Beyond parenting and education, the book also reviewed the impact of mindsets on other important spheres of life. For example, discussing the impact of growth mindsets on business, the author argued that many successful corporations are led by people who appreciate growth mindsets. She illustrated this with examples of leaders such as Jack Welch of General Electric, Lou Gerstner of IBM, and Anne Mulcahy of Xerox (page 125). Conversely, she demonstrated how fixed mindset-dominated organisations enable the emergence of groupthink because they suppress dissent. To illustrate this, she used the example of Lee Iacocca, who she portrayed as an ego-driven chief executive who manifested the ‘key weapons of the fixed mindset-blame, excuses, … the stifling of critics and rivals‘, …and the ‘need for validation‘ (pages 112-117 and 136). She illustrated how mindsets trump natural talent with the examples of Muhammad Ali, Michael Jordan, Babe Ruth and Wilma Rudolph, people who succeeded in fields in which they were not naturally gifted because they applied their growth mindsets (pages 83-87).
The author made several recommendations to guide people to develop growth mindsets. As an example, she advised people making any plans to make them concrete in terms of when, where, and how they will be implemented; she stressed that this is a strategy that leads to high levels of follow-through (pages 140 and 238). She outlined the 4 practical steps in the ‘journey to a growth mindset’, and she discussed programmes that help to achieve this, such as the growth mindset workshop and brainology (pages 254-262 and 231-232). To buttress its arguments, the book referred to many experts in other related fields, for example psychiatrist Aaron Beck on cognitive behaviour therapy, and Benjamin Bloom on the superiority of mindset over talent (pages 224-225 and 65). The book covers many other topics including relationships, friendships, making mistakes, bullying, revenge, shyness, and rejection (pages 155-161).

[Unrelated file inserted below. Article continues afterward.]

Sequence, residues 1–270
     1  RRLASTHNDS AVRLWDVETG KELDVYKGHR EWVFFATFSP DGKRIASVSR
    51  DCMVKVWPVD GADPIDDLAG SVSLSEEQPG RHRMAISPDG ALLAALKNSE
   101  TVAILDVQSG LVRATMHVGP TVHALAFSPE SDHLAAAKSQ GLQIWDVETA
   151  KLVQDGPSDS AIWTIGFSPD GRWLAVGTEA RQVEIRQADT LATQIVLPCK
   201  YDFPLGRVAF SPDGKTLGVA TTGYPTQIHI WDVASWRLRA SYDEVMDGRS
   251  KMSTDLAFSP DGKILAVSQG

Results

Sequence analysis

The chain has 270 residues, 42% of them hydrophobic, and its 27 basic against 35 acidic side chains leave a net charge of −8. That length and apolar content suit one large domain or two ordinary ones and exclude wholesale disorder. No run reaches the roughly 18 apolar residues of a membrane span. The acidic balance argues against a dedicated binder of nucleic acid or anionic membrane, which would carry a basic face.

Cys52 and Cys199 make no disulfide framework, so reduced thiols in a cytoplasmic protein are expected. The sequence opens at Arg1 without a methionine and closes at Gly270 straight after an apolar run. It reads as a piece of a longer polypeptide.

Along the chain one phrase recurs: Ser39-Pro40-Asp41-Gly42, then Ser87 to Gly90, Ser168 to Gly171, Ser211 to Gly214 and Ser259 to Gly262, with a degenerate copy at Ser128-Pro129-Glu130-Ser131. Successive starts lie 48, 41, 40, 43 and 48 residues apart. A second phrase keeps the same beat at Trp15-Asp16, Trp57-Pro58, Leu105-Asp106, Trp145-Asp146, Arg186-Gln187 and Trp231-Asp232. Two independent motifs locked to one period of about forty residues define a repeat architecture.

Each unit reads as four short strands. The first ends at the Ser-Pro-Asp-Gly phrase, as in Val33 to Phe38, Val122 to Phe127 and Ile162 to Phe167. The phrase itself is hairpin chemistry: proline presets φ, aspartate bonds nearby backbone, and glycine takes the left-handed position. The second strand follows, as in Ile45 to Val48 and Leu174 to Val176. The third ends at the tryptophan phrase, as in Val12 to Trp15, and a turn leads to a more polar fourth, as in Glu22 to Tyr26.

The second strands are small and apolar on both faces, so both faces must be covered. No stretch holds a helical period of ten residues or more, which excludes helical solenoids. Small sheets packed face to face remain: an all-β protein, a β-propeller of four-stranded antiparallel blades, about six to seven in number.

The author established the concept of mindsets, and she supported her arguments with many of her research findings. Mindset is fundamental to successful life outcomes, and it permeates all fields of life. Its ramifications extend into healthcare where challenges and uncertainty abound, and where the right mindset clearly determines the success or failure of clinical outcomes. The key lessons from the book, that mindsets are alterable and growth mindsets can be learnt, are relevant to medical education and practice.
The book is well-written and its arguments are supported by solid research. The subject is relevant at all stages of life, and the consequences of the wrong mindset have implications to all spheres of human activities, healthcare included. The book has explored the subject in detail, and the author used many anecdotal examples to drive home her key lessons. I recommend it to all doctors.
- Publisher, Place, Date: Robinson, London, 2017
- ISBN: 9780345472328
- Number of Chapters: 8
- Number of Pages: 301
- Star rating: 5
- Price: £7.66